There does appear to be growing interest in the importance of family history among younger people: that Pew study found that half of Black people under 30 have talked about family history with relatives. Brunson believes that uptick is fueled in part by concerns about the way what’s being taught as history is being restricted in schools. “And so, I think younger folks, students, are taking it upon themselves to discover the history they’re a part of.”

In addition, technology makes it easier for them to get involved. “Perhaps 30, 40 years ago you were having to be head-first in an archive, looking at microfilms, and now you can access that information from anywhere.”

With a nod to the ‘Sankofa’ proverb of the Akan peoples of Ghana and Ivory Coast, which champions learning from the past and moving forward, Brunson and Rudd-Ridge came up with the name kinkofa (the lack of capitalization reflects African language conventions) which broadly means, “Go get your kin.”

The company’s new DNA testing service, debuting this fall, traces both maternal and paternal heritages, unlike other tests that follow only one line. Anyone who has results from other DNA testing services can upload the details to the kinkofa site for cross-matching. Users can collaborate on building a shared family tree. Other resources include Rememory, a tool for recording and preserving family histories, with guided questions for topics like grandparents, parents, communities, and family reunions.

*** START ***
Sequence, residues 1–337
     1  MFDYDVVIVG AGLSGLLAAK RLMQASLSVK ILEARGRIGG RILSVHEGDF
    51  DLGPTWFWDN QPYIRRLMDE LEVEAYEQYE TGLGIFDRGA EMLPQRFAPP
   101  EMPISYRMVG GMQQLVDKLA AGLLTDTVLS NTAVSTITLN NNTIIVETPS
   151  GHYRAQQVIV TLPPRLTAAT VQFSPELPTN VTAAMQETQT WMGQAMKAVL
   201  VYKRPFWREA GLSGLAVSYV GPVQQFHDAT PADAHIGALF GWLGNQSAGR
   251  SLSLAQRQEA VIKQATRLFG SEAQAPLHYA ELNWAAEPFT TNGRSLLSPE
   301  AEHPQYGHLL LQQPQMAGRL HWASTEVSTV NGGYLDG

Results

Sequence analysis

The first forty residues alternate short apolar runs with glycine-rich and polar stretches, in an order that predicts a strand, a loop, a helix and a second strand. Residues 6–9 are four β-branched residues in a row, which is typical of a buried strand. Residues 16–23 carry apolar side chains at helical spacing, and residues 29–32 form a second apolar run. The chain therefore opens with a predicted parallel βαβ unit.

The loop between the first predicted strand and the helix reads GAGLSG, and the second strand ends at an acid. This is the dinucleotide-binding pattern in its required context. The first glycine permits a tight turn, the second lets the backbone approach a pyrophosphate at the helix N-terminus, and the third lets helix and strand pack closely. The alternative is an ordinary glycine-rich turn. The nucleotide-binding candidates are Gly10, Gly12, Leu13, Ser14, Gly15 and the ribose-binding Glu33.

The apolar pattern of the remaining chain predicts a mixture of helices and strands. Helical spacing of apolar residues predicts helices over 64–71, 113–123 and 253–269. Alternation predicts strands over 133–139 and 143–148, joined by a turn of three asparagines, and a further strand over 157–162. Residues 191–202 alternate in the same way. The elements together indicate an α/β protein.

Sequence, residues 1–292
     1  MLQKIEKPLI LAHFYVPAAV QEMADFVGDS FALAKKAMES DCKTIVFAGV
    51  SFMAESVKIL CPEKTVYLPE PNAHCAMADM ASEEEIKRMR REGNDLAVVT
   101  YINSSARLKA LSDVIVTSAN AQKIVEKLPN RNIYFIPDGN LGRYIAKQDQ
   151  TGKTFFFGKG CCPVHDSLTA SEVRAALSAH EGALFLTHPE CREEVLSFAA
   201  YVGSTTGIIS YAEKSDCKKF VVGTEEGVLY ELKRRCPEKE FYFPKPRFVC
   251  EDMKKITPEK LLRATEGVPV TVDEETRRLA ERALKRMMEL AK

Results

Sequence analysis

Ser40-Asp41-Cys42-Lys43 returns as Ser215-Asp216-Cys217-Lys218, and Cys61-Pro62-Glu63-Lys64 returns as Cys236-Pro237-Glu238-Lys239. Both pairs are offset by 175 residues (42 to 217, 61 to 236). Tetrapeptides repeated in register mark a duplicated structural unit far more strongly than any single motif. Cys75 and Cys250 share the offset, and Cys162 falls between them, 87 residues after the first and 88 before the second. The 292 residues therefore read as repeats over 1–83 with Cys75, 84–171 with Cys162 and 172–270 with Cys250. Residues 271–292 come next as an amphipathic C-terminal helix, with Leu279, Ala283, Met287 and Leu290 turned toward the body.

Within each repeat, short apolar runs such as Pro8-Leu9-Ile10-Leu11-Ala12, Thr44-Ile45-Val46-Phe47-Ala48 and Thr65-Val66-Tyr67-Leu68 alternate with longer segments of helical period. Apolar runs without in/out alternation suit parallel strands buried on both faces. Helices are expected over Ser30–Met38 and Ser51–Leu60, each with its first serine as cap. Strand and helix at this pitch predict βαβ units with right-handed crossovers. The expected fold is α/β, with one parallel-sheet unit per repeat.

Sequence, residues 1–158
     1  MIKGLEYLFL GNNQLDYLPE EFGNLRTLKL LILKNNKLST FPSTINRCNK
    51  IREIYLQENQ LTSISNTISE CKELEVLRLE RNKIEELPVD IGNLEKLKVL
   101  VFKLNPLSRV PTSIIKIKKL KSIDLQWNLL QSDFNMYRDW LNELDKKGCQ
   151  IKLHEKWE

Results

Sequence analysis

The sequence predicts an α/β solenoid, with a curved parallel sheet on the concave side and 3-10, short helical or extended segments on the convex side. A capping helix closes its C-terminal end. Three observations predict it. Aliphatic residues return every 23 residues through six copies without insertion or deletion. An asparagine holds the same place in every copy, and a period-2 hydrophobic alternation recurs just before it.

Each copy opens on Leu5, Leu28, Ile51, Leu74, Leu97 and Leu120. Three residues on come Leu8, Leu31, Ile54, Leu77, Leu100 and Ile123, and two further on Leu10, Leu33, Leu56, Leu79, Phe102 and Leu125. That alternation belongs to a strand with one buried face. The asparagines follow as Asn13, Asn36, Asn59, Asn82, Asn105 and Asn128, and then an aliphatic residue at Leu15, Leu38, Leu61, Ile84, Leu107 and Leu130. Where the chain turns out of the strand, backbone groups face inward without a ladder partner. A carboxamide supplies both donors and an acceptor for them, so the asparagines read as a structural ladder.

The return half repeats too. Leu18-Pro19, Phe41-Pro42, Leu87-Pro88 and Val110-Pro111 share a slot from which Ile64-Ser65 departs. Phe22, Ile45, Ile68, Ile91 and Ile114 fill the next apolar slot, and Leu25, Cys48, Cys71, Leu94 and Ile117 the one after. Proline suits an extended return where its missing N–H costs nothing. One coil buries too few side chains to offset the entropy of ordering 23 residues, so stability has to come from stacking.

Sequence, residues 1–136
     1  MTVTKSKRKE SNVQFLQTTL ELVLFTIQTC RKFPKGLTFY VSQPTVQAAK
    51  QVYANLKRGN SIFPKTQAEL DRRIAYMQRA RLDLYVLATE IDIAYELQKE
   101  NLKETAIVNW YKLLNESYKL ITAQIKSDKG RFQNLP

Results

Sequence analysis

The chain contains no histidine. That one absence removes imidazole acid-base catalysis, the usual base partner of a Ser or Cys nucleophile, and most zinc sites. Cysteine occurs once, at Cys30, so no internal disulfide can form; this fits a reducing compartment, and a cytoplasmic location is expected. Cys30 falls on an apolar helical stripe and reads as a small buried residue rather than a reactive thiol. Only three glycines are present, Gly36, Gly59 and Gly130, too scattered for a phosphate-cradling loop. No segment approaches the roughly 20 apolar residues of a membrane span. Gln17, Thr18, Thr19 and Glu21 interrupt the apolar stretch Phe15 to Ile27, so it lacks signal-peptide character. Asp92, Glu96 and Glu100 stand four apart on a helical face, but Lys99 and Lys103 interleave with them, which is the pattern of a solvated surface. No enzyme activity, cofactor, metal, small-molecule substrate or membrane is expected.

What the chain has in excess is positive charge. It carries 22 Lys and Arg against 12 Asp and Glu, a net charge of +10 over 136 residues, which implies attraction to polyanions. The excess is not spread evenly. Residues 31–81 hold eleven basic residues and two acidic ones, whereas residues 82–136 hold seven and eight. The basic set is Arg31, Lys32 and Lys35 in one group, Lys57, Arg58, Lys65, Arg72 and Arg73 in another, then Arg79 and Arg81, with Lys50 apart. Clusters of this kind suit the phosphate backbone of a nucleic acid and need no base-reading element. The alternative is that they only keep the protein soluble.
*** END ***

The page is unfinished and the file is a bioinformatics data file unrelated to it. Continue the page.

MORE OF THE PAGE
By making the kinkofa tools user-friendly, they hope to encourage intergenerational involvement in projects between older family members, those with the information, and younger ones who know how to use technology to capture it.

Kinkofa’s mission prompted a social impact partnership with Descendant, the Netflix documentary from Barack and Michelle Obama’s Higher Ground production company that traces the story of the Clotilda families. The film’s website highlights how kinkofa can help individuals preserve their family histories.

Brunson and Rudd-Ridge are also working on a documentary of their own, in partnership with nonprofit Remembering Black Dallas. With funding from the American Folklife Center at the Library of Congress, the film will tell the story of a freedmen’s community in Dallas where some of the historic homes are in danger of being lost to development.

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Finding connection

Personal interest in family history primed both Brunson and Rudd-Ridge for their new initiative, and previous work experiences prepared them for it. A business administration and applied science graduate of the Illinois Institute of Technology, Brunson started his career in “providing access to different resources in the form of tech” at Lyft. That was followed by spells at several startups, always centered on “connecting the resource to the people who need it.”

Rudd-Ridge followed her studies in International Relations and African and African American studies at the University of Arkansas with a master’s in communication and media there. She lived in Africa for several years, including time in Rwanda where she interned at the First Lady of Rwanda’s office and foundation, working on community programming and fundraising.